Now, the part of this that has to do with humility is that I only discovered later that this particular story had been accepted for publication just before the workshop. Not only that, but another story the same writer submitted to another workshop (also given the stamp of ultimate approval by that workshop leader) had also been accepted. Two new stories. Two hits. Two publications that occurred between the writing of the stories and the workshop meant to tear them apart in critique. That's terribly rare. But it's also rare for a new author faced with the uncertainties of a workshop to withhold information like that. I've seen people try to shape the focus of a workshop before it's begun. Or who inflate their credentials ahead of time (often with self-referential things said while they're critiquing someone else's work). Or who would hold that publication information as a shield to be brandished to deflect all criticism.
The student in this case did none of that. He entered and exited the workshop without a word intended to bias or control the discussion, despite the fact that he had more than the usual ammunition to do so if he wished. Quiet confidence. Without distraction. Competence demonstrated where it matters - on the page.
Over at SF Signal my mind has been melded with that of several other authors, including Michael Swanwick, Elizabeth Bear, Kate Elliott, Gregory Frost and others! Check it out here: God's by the Bushel.
Today, folks (and for next few weeks, actually) I'd love to have your positive energy. You see, The Other Lands concluded my existing book contracts with Doubleday. I've done all five novels with them so far, and I think things have gone quite well. Of course, each new deal brings a new set of surprises, and I've known for a few months that I was going to be pitching my next book in a free falling economy. Being prone to bouts of exuberant positivity (I'm joking about that) I decided to quit my day job before having that new contract in hand (I'm not joking about this part), and after my publisher went through a major restructuring. Go figure.
I've been working on a proposal for the concluding book in the Acacia trilogy for some time now. I chipped away at it slowly, layering in more and more details as they came to me. Fortunately, I can now say the fricking book makes sense to me! I know what happens. I see it. I like it. It exists - although only in a summarized version of about 24 pages. Oh, and at a bit more length in my head.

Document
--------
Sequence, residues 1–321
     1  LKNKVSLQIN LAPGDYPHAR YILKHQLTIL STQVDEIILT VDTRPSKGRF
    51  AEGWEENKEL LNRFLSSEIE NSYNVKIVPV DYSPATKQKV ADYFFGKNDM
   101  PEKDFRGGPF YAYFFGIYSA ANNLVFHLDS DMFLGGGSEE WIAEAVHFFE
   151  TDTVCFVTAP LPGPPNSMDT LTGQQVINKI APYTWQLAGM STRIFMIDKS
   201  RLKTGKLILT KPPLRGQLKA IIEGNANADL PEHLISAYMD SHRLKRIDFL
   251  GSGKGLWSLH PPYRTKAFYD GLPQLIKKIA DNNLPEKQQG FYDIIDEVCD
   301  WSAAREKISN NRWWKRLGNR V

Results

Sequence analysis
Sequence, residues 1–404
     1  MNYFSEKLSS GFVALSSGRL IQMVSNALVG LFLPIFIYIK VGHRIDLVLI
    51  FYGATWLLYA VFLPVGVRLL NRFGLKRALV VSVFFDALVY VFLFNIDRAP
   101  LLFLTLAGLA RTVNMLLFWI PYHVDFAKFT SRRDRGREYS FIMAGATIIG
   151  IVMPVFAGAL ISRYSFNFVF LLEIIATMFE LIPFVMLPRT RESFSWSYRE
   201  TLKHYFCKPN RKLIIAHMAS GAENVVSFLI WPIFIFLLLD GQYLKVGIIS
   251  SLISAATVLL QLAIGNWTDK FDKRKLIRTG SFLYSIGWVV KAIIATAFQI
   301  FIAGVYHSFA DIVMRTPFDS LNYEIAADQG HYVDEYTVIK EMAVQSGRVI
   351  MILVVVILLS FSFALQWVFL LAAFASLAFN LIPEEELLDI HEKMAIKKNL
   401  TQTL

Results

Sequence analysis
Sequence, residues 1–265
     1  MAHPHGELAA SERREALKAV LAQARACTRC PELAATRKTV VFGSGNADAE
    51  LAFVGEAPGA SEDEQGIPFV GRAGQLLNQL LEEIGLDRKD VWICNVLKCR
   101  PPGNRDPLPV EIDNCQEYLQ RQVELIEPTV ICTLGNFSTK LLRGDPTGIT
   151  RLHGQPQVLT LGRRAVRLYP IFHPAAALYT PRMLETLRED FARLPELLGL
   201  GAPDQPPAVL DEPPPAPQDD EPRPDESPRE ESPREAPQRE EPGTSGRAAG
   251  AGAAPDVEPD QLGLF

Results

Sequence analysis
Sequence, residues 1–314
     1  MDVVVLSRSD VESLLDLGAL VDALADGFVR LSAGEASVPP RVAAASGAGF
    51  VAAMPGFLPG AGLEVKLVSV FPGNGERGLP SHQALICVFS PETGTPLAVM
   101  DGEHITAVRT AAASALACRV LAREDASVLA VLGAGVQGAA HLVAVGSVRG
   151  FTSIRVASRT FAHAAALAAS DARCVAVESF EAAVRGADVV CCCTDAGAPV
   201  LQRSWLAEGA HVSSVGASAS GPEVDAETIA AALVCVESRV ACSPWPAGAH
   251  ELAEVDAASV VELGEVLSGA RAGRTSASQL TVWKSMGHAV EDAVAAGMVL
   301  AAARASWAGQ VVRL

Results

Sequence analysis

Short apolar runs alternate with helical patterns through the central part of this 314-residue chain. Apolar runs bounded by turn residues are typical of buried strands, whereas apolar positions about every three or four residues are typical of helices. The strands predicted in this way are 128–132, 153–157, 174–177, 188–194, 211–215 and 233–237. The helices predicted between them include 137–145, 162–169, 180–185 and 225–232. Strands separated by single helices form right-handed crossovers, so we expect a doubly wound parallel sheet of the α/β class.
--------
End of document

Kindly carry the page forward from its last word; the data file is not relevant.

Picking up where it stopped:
Recently, I sent that proposal to my agent. We went back and forth about it and about other aspects of what we'd look for in a new book deal. Yesterday we decided it was ready, and today he will have initiated the pitch and discussions with my editor. It'll be a few weeks, probably, before I know just what's gonna happen.
This is where your good vibes come in. Send them to me. Shoot them out to my editor. Make sure he knows at some cosmic level that you want this thing finished. Convince him that David and family should be allowed to eat and live indoors the next few years...
You know when you see a link on somebody's site to somebody else's site, and you like what you read and then want to point people in that direction, but then you know you can't take credit for discovering the second author's post yourself because you only found it because of the first site?
Thing is, she wrote it in response to Justine Larbalestier's post on the topic. I liked hers too. Makes some good, clarifying points for aspiring writers. So go take a look at one also: Agents and Rejection. (She's got stylish boots, too.)
And my work here is done. I won't try to add any of my own wisdom on the subject. (Which is me trying to be wise by omission...)
I have this friend Pat. You might have heard of him. He wrote a book. People loved it. Made him famous and wealthy. His readers then promptly began demanding another book. Pat, being the generous guy that he is, wants to produce said book. Actually, he wants to have produced it like a year ago. Alas, easier wished for than done... This is one of several cartoons Pat has up on his blog. Also, he has a long, detailed explanation of what's up. I think it's a brave, honest and insightful mediation on the creative process and the pitfalls of... well, massive success.
I just had one. I'm talking about writing now. Creative process. I'm still polishing up a few scenes of The Other Lands, adding a bit here and there. I just two minutes ago wrote a line in which one character defines the relationship he/she has to another character. It was an innocuous enough line, I thought. But the moment after I wrote it I realized it's a line that announces that character's eventual death!